Out at home will no longer involve collisions

Out at home will no longer involve collisions
December 13, 2013, 3:00 pm
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Two days ago, Major League Baseball’s rules committee decided it was time to curtail home plate collisions.

The sight of San Francisco Giants catcher Buster Posey losing nearly all his 2011 season because of a collision was the most jarring evidence something had to be done.

St. Louis Cardinals’ manager Mike Matheny talked about the concussions he suffered at the plate.

Catchers will no longer be able to block home plate and runners can’t go after catchers.

If the owners approve at their meetings next month, and the players do the same, the rules will be enforce for next season. If the players don’t approve, it will delay the implementation for a year.

Manager Buck Showalter was happy to see the new rule approved. He wouldn’t want to lose Matt Wieters unnecessarily.

Showalter always has questions about new rules. He’s been talking about the replay procedures for months.

Obviously, he has questions.

“How do you define blocking the plate? There’s so many gray areas,” he says.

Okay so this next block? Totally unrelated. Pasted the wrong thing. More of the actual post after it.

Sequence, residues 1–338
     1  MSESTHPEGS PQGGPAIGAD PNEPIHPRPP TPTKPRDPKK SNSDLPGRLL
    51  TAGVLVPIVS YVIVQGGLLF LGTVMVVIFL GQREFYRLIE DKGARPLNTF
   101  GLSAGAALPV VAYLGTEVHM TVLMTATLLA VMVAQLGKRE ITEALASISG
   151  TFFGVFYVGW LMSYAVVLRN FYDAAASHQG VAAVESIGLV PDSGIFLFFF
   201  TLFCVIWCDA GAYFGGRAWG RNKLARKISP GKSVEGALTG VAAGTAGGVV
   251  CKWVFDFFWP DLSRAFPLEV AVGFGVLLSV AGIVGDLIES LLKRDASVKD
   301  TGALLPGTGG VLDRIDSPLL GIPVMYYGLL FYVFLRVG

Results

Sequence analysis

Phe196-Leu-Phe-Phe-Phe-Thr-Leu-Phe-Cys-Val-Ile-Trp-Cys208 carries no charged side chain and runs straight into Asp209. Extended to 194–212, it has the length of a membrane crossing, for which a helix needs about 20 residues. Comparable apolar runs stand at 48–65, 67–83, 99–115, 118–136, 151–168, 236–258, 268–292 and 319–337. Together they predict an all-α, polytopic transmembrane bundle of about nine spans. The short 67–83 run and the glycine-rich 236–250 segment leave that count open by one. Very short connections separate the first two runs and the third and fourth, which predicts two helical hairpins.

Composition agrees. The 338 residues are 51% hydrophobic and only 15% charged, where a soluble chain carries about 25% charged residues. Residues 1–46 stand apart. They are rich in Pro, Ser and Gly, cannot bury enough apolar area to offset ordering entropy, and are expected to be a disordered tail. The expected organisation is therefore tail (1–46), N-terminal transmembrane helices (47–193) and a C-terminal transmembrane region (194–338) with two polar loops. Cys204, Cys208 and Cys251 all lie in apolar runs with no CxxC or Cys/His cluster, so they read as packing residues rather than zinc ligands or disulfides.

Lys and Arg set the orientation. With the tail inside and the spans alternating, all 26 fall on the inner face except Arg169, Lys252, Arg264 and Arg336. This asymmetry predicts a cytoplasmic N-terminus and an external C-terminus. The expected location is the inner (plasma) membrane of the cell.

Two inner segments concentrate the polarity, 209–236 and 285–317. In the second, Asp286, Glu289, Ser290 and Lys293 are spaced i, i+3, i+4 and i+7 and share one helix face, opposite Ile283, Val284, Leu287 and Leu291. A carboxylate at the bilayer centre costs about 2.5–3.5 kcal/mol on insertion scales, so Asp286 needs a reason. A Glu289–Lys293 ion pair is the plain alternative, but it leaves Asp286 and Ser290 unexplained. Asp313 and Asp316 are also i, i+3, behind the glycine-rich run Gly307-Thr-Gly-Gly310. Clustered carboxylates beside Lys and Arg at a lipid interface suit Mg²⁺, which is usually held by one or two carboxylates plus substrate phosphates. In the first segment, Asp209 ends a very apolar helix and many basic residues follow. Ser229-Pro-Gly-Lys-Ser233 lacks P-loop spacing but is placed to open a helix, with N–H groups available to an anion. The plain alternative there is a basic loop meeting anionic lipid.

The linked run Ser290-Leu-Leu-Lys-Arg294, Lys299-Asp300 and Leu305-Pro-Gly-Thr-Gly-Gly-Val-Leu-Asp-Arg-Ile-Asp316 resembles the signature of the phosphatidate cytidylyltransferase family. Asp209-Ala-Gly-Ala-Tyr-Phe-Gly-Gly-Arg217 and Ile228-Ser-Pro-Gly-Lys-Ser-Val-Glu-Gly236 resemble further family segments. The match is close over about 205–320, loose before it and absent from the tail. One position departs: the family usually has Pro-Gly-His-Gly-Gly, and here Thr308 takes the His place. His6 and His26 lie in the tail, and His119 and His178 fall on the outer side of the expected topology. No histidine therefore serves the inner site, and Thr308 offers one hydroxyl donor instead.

“Is it in a rundown, if you run somebody over, is that a collision?”

Overall, Showalter is for it.

“Protecting the catchers and trying to take some of the maliciousness out of it. And bottom line, having our catchers around for our fans to enjoy more, I'm for it,” Showalter said.

“I tell you, ten years ago I may not have said that, it's part of the game. If you teach it right and whatever. Now after I see some of these collisions where basically the catcher has got no chance, and it's going to be somewhere similar to football, where certain type of tackles, the guy is going out of the game. I’m all for it.”

Sandy Alderson, who is the head of MLB’s rules committee, said penalties will vary.

"I think there will be two levels of enforcement," Alderson said. "One will be with respect to whether the runner is declared safe or out based on conduct. So, for example, intentionally running over the catcher might result in an out call. So I think that the enforcement will be on the field as well as subsequent consequences in the form of fines and suspensions and the like."